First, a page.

Dr. Joseph J. Palermo | Bachelor of Science in biology, 1988 | M.D. and Ph.D. completing a four-year fellowship in pediatric gastroenterology and nutrition at Children’s Hospital in St. Louis.
In His Blood | Palermo father’s a pharmacist and his uncle is a doctor. He thought about pre-law—for about two seconds—and went pre-med.
Double Duty | Palermo couldn’t shake the scientist in him, so in medical school he decided to get his doctorate as well. He earned his Ph.D. in pharmacology and cell biophysics in 1995 and his M.D. in 1997 from the University of Cincinnati College of Medicine. Now, at age 36, he’s a physician-scientist who understands the diseases that are afflicting the patients he treats.
Cause and Effect | “There are two parts to science—the patients and the basic science of how things work. I thought it was important to be rigorously trained to follow a scientific career as well. For me, it’s being able to understand the disease process and how it’s caused, and if you understand the molecular mechanism of the disease, then you can develop different therapies.”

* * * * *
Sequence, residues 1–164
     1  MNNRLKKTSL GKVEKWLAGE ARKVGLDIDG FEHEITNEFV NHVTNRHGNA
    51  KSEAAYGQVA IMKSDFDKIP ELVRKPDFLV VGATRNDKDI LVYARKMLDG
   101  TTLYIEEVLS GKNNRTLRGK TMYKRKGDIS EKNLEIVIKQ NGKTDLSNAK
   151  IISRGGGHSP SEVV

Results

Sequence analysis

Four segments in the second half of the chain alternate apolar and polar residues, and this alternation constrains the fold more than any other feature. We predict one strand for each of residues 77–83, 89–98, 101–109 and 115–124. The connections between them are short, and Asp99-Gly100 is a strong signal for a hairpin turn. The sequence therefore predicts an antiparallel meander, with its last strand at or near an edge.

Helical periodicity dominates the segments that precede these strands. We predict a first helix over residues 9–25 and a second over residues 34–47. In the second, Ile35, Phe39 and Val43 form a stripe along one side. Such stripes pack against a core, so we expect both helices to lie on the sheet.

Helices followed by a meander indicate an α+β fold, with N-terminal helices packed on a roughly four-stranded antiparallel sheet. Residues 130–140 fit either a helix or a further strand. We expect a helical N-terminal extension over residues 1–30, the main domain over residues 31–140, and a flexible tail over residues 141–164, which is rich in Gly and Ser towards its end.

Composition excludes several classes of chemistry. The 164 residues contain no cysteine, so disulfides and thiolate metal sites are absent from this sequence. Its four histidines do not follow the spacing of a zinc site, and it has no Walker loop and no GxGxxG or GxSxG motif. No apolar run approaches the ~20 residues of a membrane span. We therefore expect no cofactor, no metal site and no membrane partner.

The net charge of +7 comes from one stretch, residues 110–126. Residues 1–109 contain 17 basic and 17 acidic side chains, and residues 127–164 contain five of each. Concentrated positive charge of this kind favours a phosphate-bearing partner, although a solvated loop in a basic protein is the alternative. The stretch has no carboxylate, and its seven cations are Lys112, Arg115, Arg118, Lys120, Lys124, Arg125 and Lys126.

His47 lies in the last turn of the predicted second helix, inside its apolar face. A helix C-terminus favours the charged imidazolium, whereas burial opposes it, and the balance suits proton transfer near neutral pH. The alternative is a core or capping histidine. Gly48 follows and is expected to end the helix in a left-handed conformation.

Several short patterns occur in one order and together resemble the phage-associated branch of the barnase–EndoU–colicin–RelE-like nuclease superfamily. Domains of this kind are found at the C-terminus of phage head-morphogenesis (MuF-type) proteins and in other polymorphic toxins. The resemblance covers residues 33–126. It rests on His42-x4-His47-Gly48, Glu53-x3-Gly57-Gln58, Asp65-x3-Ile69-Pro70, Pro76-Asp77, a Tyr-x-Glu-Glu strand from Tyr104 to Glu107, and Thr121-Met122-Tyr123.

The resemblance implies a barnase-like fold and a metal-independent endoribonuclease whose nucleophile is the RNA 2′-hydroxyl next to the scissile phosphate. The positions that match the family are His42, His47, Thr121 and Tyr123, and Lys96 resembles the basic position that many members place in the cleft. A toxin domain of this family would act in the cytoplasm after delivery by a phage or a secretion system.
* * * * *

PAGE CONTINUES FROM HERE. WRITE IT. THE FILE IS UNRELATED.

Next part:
Patience, Patients | Palermo specializes in gastroenterology pediatrics, meaning he treats everything in children from constipation to liver transplants.
Kid At Heart | “I’m a kid at heart. That was one of the biggest attractions with pediatrics.”
Science Story | He co-authored a study in Science that found recurring urinary tract infections may be caused by pods of e-coli bacteria that burrow inside the cells that line the bladder. The discovery is novel because it’s the first time such structures have been found inside cells. And it explains why some patients never completely recover from infections that do not respond to antibiotics or the body’s immune system.
Trigger Mechanism | “It’s valuable because we know our treatment methods must change,” he says. “We have to interrupt the cycle of infection or develop a treatment that gets into the cells to eliminate the bacteria.”
Lab Work | From 7:30 a.m.-6:00 p.m., Palermo works in a lab, peering into microscopes or at tiny catheters he threads into the bladders of mice. Other times he sees patients, but he never wants to do either exclusively. Patient care and research go hand in hand, he says.
Home Work | Someday, he’d like to bring his wife, Beth, and infant son back to Cincinnati’s Children’s Hospital.